West Texas Intermediate crude rose for the first time in four days after data showed manufacturing expanded at the fastest pace this year in China, the world’s second-biggest oil user. Brent was little changed.
Futures climbed as much as 0.5 percent in New York. China’s Purchasing Managers’ Index was at 51, indicating the fastest pace of expansion this year. Crude stockpiles in the U.S., the largest oil consumer globally, are projected to have declined last week, while the Atlantic’s first tropical storm this year is forecast to form today.
“Concerns over a possible hard landing of China’s economy are easing, thus reducing one of the macroeconomic risks to global oil demand growth,” Harry Tchilinguirian, head of commodity markets strategy at BNP Paribas SA in London, said by e-mail.
WTI for August delivery gained as much as 56 cents to $105.93 a barrel in electronic trading on the New York Mercantile Exchange and was at $105.71 at 1:04 p.m. London time. The contract slid 37 cents to $105.37 yesterday, the lowest close since June 11. The volume of all futures traded was about 35 percent below the 100-day average for the time of day. Prices increased 2.6 percent in June for a second monthly advance.
Brent for August settlement rose 1 cent to $112.37 a barrel on the London-based ICE Futures Europe exchange, paring earlier gains of 47 cents, or 0.4 percent. The European benchmark crude traded at a premium of as little as $6.54 to WTI on ICE, the smallest gap on an intraday basis since June 17.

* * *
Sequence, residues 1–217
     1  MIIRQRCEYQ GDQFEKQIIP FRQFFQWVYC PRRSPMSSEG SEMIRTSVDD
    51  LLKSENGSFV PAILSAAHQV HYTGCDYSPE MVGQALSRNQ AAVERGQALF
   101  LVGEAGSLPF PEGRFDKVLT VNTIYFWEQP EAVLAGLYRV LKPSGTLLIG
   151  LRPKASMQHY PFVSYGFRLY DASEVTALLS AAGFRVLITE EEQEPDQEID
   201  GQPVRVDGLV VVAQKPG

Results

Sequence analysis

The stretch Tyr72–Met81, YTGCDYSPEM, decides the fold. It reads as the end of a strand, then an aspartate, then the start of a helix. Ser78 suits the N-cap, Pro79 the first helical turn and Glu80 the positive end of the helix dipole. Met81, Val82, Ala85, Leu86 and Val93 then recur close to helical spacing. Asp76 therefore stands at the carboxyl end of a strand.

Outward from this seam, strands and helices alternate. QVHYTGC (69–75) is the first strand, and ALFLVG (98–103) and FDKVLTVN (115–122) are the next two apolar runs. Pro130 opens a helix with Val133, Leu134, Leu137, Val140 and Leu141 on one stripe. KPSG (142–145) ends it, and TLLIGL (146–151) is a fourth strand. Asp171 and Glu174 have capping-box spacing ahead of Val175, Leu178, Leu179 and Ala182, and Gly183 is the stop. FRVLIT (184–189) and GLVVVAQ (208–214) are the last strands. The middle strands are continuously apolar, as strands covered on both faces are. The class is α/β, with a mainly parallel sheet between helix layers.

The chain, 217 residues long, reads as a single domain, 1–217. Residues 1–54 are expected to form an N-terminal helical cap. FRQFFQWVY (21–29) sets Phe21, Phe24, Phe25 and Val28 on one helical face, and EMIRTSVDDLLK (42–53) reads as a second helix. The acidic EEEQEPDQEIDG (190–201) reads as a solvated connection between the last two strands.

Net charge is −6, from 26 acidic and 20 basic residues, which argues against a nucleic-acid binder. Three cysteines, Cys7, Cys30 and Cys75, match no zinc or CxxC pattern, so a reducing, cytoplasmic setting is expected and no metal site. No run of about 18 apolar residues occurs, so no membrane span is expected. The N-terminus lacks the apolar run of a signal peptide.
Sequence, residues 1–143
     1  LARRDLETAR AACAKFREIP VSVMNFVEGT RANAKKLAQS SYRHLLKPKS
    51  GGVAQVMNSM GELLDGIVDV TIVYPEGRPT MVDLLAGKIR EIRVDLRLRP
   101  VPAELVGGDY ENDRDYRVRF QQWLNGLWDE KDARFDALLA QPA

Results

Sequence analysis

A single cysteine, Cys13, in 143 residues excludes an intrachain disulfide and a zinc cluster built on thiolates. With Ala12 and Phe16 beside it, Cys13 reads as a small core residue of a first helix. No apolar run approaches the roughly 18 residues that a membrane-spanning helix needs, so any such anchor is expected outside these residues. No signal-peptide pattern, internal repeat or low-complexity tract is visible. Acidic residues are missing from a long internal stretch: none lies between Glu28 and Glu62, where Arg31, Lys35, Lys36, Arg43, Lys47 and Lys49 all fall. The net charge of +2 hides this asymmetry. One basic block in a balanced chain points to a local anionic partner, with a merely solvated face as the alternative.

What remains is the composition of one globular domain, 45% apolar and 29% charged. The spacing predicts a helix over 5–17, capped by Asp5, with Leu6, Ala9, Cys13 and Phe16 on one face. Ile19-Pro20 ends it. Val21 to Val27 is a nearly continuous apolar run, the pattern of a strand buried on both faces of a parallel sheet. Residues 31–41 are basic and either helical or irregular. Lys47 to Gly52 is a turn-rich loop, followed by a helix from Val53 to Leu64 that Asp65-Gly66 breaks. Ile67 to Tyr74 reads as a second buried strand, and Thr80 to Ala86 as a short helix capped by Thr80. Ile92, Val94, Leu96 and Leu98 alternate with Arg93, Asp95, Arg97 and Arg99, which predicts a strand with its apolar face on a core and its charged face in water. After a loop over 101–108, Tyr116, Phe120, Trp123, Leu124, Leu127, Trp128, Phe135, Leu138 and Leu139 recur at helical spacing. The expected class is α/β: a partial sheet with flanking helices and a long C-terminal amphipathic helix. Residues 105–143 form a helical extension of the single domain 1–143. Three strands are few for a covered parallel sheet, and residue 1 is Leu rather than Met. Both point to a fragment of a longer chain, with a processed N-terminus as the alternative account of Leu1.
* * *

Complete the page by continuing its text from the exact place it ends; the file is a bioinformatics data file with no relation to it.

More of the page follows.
China’s manufacturing PMI increased from 50.8 in May, the National Bureau of Statistics and China Federation of Logistics and Purchasing said in Beijing today. A similar gauge from HSBC Holdings Plc and Markit Economics rose to 50.7 from 49.4 in May. Readings above 50 signal expansion.
“China’s economy is sustaining and it’s not going down any further,” Tetsu Emori, a senior fund manager at Astmax Asset Management Inc. in Tokyo, said by phone. “The U.S. market is still good. The underlying conditions of the market are improving, that is clear.”
China will account for about 11 percent of global oil demand this year, compared with 21 percent for the U.S., according to the International Energy Agency in Paris.
In the U.S., crude stockpiles probably declined by 2.5 million barrels in the week ended June 27, a Bloomberg survey showed before data from the Energy Information Administration tomorrow. Supplies expanded by 1.74 million to 388.1 million through June 20, the first increase in four weeks, according to the Energy Department’s statistical arm.
Tropical Depression One was stationary off the east of Florida after forming yesterday, the U.S. National Hurricane Center said in an advisory on its website. The system, packing maximum sustained winds of 35 miles (56 kilometers) per hour, is forecast to strengthen to become Tropical Storm Arthur later today.